Although security issues dominated Sultan Qaboos’ early rule, he also reformed political institutions. Under Qaboos, Oman was the most authoritarian traditional Arab state in the Gulf, but as a political safety valve, the Sultan created political institutions that allowed controlled participation in governance. In 1981, Qaboos created the Majlis al-Istishari li al-Dawla (State Consultative Council, or SCC) for the “fulfillment of our promise and in pursuance of our policy which aims at allowing a larger measure of participation for the citizens in the economic and social plans.” The SCC was carefully controlled by a series of checks and procedures, but it ultimately won the right to review social and economic legislation before it went to the sultan for approval. In 1991, Sultan Qaboos formed the Majlis al-Shura (Consultative Council) replacing the SCC. It was apportioned based on population with an unspoken expectation in some quarters that it would eventually lead to direct elections.[v] The elections never happened.
The tribes continued to play a critical role in the Majlis as “an essential element to promote national unity and political legitimacy.”[vi] The Majlis was carefully controlled as a means of venting political pressure without bowing to it. Some activists viewed the Majlis as a part of a natural post-Qaboos political progression to a constitutional monarchy.[vii] Given Oman’s history, real political liberalization could, and likely would, threaten the political stability of the state. During his lifetime, there was a justifiable and pervasive fear that Qaboos’s passing would eventually bring instability.[viii] In the Omani state, Qaboos held all the critical governmental portfolios. He was head of state and minister of defense. He personally controlled foreign policy and the critical economic levers. No one had been specifically groomed to replace him. Acutely aware of the past, Qaboos enacted the Basic Law of 1996 (Succession Law) that was followed in transferring power at the time of his death in 2020.[ix]
The intelligence-security services under Qaboos were omnipresent and hypersensitive to potential internal threats. There were periodic arrests of individuals believed to be plotting against the government, most notably in 1994, 2002, and 2005. Then there were demonstrations on the heels of the Arab Spring. This aggressive vigilance was another indication of the sultan’s awareness that the underlying fissures in Omani society. Actions against opposition groups, particularly Muslim fundamentalist groups of any stripe, while not officially publicized, accounts were discretely disseminated serving as a warning that opposition to the government would not be tolerated.[x]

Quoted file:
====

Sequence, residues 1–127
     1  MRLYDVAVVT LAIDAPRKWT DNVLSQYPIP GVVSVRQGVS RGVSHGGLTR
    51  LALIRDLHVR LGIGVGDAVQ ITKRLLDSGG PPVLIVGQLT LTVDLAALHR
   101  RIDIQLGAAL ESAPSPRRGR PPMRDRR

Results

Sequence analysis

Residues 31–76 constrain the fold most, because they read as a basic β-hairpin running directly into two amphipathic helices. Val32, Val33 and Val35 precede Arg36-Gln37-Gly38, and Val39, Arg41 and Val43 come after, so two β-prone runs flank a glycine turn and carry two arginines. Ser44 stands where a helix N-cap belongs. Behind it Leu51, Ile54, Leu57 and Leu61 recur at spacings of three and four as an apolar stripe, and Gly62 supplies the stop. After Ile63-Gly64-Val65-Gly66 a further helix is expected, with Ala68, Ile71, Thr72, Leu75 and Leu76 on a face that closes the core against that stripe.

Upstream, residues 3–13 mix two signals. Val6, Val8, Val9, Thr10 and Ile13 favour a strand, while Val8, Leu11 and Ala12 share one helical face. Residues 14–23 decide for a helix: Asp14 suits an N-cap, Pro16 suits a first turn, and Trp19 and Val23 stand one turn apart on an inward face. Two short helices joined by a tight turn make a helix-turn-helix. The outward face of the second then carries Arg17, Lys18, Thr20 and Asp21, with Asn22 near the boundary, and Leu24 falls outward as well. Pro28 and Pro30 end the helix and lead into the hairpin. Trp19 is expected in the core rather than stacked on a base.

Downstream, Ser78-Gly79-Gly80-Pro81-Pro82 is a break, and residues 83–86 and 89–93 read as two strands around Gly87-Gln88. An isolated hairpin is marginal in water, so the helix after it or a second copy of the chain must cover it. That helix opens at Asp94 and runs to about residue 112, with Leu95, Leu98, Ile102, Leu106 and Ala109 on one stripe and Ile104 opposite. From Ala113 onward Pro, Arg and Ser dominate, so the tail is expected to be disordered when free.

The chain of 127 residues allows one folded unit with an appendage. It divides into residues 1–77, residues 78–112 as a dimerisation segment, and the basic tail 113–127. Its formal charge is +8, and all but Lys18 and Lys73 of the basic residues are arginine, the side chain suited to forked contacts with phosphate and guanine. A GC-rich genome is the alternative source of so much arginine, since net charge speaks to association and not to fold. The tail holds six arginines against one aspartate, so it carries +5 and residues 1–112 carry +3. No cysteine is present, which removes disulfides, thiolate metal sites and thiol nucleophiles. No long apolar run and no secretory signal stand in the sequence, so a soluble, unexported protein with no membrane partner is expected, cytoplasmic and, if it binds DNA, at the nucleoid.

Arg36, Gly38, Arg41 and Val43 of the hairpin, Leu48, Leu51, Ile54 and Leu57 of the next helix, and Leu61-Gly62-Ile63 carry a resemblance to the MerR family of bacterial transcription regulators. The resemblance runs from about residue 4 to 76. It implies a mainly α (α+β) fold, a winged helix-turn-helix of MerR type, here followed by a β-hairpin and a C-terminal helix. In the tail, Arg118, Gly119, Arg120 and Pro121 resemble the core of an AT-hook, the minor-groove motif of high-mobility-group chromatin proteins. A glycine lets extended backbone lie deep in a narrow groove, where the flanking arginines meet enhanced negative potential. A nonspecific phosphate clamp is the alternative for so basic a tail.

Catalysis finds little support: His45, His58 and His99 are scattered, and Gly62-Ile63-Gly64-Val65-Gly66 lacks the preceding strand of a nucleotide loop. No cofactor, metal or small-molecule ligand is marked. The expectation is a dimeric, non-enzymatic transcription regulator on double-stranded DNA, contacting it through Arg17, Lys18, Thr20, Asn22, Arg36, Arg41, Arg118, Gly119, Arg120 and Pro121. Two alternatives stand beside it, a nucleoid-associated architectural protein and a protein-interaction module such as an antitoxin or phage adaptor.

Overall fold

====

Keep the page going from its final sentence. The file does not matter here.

Oman occupies a unique space in the Gulf and the bilateral relationship forms a critical complement to the other US alliances in the region. Oman provides a bridge between the Arab Gulf and adversaries in the region. Under Sultan Qaboos, Oman has had a role that the remainder of the Gulf would have difficulty fulfilling. At times, Oman’s policies have aggravated some of its Arab partners, but it is useful to have an alternative perspective on events. The Omanis have refused to get involved in the Yemen conflict except as mediator, seeing further instability in Yemen as a threat to themselves and others as well. Because of their principle of nonintervention, Oman refused to participate in the Saudi-led operation in Bahrain in 2011. They sponsored secret talks between Iran and the United States, and those talks led to the 2015 nuclear agreement. Whether the agreement achieves its goals or fails in the long run, Oman tried to avert further conflict in the Gulf. At the same time, it has been firm in its defense of the Straits of Hormuz as an international waterway, and has made it clear that the sultanate will oppose any hegemonic designs that Iran may have in the region. In short, Oman has reflected an independence that allows it to work between conflicting centers in the region. It generally opposes conflict and believes that a pathway can be found in most areas to compromise and peace. At the same time, it has been a full participant in the GCC and has called Iran out on any number of issues. In short, it has made itself useful to the other powers vying for influence in the region by charting an independent course. Over the last decade, this policy has succeeded and will most likely continue, even if some of Oman’s Arab partners remain apprehensive preferring that Oman align itself more closely with Arab and GCC policies.